Fire Safety and Prevention Tips

We’re dedicated to the prevention of fires through education and to helping Houston-area children who have been injured in fires. As firefighters, we see too many preventable fire tragedies. But with these safety tips from Houston firefighters and the National Fire Protection Association, you can better protect yourself, and your loved ones and friends. More fire safety tips can be found on the National Fire Protection Association web site at www.NFPA.org.

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Escaping a home fire

  • For safety at home, have a fire escape plan, including a map of each level of the home. Show all doors and windows. Discuss the plan with everyone who lives in your household.
  • Children, older adults, and people with disabilities may need assistance to wake up and get out. Make sure that someone is assigned to help them.
  • Teach your children how to escape on their own in case you cannot help them. Make sure everyone in your home knows how to call 9-1-1 or your local emergency number from a cell phone or from a neighbor’s phone.

Smoke detectors

  • Working smoke alarms save lives. With smoke alarms in your home, you are twice as likely to survive a fire. Make sure everyone in the home understands the sound of the smoke alarm and how to respond.
  • Test smoke alarms at least once a month. Change the batteries twice a year – or when the time changes each spring and fall. Smoke detectors over 10 years old should be replaced

Portable generators

  • Portable generators can be very useful during storm season and for recreational activities. To prevent fires and carbon monoxide poisoning when toxic fumes enter your home or recreational vehicle, use portable generators outdoors in well-ventilated areas away from doors, windows, vents, and other building openings.

Cooking

  • To prevent cooking fires, stay alert. If you are sleepy, have consumed alcohol, or have taken medicine or drugs that make you drowsy, you are at risk when cooking.
  • The leading cause of fires in the kitchen is unattended cooking. Stay in the kitchen when you fry, grill, or broil food. If you leave the kitchen for even a short period of time, turn off the stove.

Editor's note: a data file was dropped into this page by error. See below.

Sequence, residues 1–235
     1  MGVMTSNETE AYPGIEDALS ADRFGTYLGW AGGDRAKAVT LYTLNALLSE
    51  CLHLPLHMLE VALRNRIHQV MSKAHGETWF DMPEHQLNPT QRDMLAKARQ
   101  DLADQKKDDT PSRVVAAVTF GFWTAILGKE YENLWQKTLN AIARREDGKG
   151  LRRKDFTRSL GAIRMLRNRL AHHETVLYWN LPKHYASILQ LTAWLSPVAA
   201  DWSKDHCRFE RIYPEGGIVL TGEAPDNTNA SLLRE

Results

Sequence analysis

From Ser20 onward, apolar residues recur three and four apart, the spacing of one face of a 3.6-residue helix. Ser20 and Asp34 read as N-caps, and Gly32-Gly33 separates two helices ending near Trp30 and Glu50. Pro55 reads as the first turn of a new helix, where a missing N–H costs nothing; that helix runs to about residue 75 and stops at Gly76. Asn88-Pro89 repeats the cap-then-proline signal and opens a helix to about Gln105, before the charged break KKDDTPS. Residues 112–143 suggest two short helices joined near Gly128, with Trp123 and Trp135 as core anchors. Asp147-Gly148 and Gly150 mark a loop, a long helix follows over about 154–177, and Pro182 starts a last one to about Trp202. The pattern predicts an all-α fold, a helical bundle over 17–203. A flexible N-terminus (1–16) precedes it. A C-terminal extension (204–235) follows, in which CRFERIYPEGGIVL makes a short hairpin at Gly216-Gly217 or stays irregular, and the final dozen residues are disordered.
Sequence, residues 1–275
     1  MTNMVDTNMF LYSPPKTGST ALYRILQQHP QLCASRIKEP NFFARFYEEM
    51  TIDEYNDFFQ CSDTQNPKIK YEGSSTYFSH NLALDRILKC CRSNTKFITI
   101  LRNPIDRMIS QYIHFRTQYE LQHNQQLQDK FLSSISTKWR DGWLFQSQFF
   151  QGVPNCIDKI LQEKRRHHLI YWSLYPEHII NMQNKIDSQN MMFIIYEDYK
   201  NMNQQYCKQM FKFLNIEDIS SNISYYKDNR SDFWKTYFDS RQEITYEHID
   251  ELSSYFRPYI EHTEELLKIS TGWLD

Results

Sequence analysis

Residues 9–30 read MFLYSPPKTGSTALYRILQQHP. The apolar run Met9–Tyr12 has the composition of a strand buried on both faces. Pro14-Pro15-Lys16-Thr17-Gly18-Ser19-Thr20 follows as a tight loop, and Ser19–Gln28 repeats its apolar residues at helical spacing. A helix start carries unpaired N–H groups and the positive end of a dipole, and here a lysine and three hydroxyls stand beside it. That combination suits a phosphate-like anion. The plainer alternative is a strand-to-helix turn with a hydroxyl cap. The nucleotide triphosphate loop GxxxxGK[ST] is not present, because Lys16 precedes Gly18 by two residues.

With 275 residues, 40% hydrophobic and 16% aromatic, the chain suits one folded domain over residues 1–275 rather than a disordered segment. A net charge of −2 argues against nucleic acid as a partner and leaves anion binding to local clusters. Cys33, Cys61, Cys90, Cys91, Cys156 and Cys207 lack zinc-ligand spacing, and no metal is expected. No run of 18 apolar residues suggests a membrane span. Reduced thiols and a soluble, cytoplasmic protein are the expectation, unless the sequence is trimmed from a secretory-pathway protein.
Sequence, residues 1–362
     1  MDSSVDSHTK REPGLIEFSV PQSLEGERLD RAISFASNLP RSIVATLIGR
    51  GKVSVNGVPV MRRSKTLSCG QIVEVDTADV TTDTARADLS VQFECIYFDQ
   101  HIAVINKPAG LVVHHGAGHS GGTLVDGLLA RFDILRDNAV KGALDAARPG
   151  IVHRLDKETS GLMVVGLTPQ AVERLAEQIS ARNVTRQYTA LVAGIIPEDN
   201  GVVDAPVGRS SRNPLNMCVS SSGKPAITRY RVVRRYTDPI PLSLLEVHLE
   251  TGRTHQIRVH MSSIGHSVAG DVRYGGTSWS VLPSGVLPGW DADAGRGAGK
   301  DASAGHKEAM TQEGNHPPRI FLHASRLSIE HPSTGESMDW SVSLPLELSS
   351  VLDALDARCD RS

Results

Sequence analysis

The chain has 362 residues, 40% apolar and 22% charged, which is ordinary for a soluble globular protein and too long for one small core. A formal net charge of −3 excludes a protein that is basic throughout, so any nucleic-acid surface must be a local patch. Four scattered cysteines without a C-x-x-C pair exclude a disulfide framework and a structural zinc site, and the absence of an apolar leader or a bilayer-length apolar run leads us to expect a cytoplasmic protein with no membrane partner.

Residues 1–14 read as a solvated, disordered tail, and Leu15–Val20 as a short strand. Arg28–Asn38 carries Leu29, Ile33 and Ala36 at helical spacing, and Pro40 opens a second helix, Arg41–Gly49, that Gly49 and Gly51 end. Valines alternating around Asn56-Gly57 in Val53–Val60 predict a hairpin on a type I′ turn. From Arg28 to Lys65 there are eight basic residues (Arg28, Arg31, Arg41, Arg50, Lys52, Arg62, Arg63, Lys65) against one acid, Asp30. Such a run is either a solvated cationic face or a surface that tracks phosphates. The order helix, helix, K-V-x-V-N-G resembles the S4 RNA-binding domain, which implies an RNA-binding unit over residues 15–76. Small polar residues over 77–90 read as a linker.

• And if you are simmering, baking, roasting, or boiling food, check it regularly, stay in the home while food is cooking, and use a timer to remind you that you’re cooking.
  • Keep anything that can catch fire – your clothing, food items, oven mitts, wooden utensils, food packaging, towels, and curtains – away from your stovetop.

Charcoal grills

  • Use long matches to avoid burning your fingers when lighting charcoal grills. If you use an electrical charcoal starter, be sure to use a grounded extension cord. If you choose to use light-er fluid, use only fluid intended for charcoal grills.
  • Never add charcoal starter fluid to coals or kindling that has already been ignited.
  • Never use gasoline or any other flammable liquid except charcoal starter or lighter fluid to start a charcoal fire. Store the charcoal starter fluid out of reach of children and away from heat sources.
  • Dispose of charcoal coals only after they are cool. Empty the coals into a metal container with a tight-fitting lid that is used only to collect coals. Place the container away from anything that can burn. Never empty coals directly into a trashcan.

Turkey fryers

Outdoor gas-fueled turkey fryers that immerse the turkey in hot oil are dangerous. Closely follow manufacturer directions for use. These turkey fryers use large quantities of cooking oil at high temperatures. Hot oil often is released during the cooking process. Use of turkey fryers by consumers can lead to devastating burns or other injuries and the destruction of property. Caution is urged.

Propane grills

  • Check the propane grill gas tank hose for leaks before using it for the first time each year and after each time the gas tank is reconnected.
  • A soap-and-water solution – 1/3 liquid dish soap and 2/3 water – applied to the hose and connection will quickly reveal escaping propane by causing bubbles to form. If you determine by smell or by the soap bubble test that your gas tank hose and connection has a gas leak, do the following:
    1. Turn off the gas tank and grill.
    2. If the leak stops, get the grill serviced by a professional before using it again.
    3. If the leak does not stop, call the fire department.